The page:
What Can Happen to a Student Found Guilty of Plagiarism?

Deadline pressure and academic stress can't excuse plagiarism.
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A student who claims credit for the work of someone else commits plagiarism. The term covers a spectrum of offenses that add up to academic dishonesty and carry severe penalties. Writers and journalists who are discovered plagiarizing have books withdrawn from the market, lose jobs and may attract career-wrecking publicity. But the consequences for a student caught plagiarizing can be just as catastrophic and enduring.

1 Examples of Plagiarism

A number of transgressions constitute plagiarism, and it pays to be familiar with all of them to avoid accidentally crossing any lines. Penn State University lists some common instances of plagiarism, including turning in a paper you did not write; paraphrasing or quoting without credit; claiming ideas that are not your own; copying test answers or writing from a classmate; citing information without using references or submitting incorrect references; changing a few words or modifying another's original ideas and taking credit for them; and making things up and passing them off as true. The internet makes it easy to do wide-ranging research, but failure to properly credit information or to formulate and present original ideas, not rehashes, leaves a student open to charges of plagiarism.

2 Measured Consequences

There are both deliberate and accidental cases of plagiarism, and all of them are serious. Some educational institutions will consider a first offense, an inadvertent borrowing, or a borderline case more leniently and determine a punishment to deter future violations. The University of North Carolina at Chapel Hill defines plagiarism as cheating and punishes students who borrow without attribution with an F in the course or with suspension from the university. Milder consequences range from a failing grade for a single test or assignment to suspension from one class with zero credit for that classwork to several days of suspension that may be served over break or vacation — similar to detention. Almost invariably, the student is required to attend remedial training in avoiding plagiarism or to prove he has studied and understood the school's plagiarism policy.

3 Ultimate Penalty

The toughest penalties for plagiarism are reserved for flagrant and deliberate cases, second offenses, and students in schools with a zero tolerance honor code. That punishment can affect a student's academic career and cast a long shadow over future academic pursuits and job prospects. A second offense is usually cause for immediate expulsion from an academic institution. Yale College considers all referred plagiarism cases in its Yale College Executive Committee and commonly suspends the student, lowers a course grade or gives a failing grade and, in the most serious instances, may expel the student from Yale. The University of Virginia's Honor Code, established in 1842, requires all students to pledge not to cheat or cover up for someone who does. Violations of the code incur immediate expulsion, and the discovery of a past violation can result in revocation of a diploma.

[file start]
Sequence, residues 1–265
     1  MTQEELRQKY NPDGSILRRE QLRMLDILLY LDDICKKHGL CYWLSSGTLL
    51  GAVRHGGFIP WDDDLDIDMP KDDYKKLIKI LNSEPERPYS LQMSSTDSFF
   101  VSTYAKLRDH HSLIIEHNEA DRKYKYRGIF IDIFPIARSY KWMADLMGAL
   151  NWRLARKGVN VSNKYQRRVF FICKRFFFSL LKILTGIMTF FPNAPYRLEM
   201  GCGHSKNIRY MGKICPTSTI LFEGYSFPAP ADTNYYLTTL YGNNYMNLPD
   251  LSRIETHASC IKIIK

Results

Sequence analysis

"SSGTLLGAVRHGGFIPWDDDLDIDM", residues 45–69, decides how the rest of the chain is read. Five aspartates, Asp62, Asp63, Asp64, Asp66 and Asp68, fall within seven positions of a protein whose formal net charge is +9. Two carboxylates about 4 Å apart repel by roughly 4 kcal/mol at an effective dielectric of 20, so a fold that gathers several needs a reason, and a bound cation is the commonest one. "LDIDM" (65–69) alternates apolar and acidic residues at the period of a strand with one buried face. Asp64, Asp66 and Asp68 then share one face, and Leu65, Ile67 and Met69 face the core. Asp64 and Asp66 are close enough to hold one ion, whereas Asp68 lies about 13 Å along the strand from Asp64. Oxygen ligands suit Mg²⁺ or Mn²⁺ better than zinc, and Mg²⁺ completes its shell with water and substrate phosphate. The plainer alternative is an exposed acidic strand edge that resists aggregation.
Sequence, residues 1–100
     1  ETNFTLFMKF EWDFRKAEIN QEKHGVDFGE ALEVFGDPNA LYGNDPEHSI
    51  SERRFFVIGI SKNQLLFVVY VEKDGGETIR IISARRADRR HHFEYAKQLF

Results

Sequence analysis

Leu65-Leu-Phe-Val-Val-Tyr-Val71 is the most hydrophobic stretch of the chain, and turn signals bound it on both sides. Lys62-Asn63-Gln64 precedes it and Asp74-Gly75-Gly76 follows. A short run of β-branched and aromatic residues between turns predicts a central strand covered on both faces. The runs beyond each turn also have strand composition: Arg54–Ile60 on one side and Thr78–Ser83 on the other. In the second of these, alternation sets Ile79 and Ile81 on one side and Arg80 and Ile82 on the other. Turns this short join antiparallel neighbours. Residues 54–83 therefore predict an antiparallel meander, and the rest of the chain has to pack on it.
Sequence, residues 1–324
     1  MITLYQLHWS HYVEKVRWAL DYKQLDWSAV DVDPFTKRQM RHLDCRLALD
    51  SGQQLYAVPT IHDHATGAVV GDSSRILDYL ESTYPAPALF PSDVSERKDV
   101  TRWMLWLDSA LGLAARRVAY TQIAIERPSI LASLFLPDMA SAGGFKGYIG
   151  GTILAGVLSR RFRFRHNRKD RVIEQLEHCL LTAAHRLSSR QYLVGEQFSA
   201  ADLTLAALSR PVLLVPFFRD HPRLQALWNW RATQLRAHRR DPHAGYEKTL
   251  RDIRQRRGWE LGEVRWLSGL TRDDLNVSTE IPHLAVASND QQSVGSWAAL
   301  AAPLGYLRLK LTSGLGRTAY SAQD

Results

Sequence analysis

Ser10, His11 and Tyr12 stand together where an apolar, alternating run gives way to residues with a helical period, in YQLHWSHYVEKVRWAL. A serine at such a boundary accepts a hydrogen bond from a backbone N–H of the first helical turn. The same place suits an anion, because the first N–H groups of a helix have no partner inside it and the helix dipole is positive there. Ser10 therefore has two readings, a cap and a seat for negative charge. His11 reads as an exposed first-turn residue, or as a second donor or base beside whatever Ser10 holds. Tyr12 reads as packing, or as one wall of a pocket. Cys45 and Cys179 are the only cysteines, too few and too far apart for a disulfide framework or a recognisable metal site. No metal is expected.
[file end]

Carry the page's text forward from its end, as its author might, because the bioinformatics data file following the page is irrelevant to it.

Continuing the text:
4 Rehabilitation

High schools that discover plagiarism may counsel the student, exact a penalty in grades, or dole out limited suspensions and impose social probation — no off-campus lunch privileges, for example. The offense may need to be reported on college applications, requiring the student to make a personal case for contrition and a renewed commitment to academic integrity or risk losing a coveted college admission. In college, policies for plagiarism vary. As opposed to the University of Virginia's uncompromising Honor Code, for instance, Kent State University has a Plagiarism School for modest offenses. The student attends a 45-minute counseling session that includes training in understanding what constitutes plagiarism. In some cases, successful completion of Plagiarism School entitles a student to rewrite and resubmit a contested paper for a reduced grade rather than a failure.

Benna Crawford has been a journalist and New York-based writer since 1997. Her work has appeared in USA Today, the San Francisco Chronicle, The New York Times, and in professional journals and trade publications. Crawford has a degree in theater, is a certified Prana Yoga instructor, and writes about fitness, performing and decorative arts, culture, sports, business and education .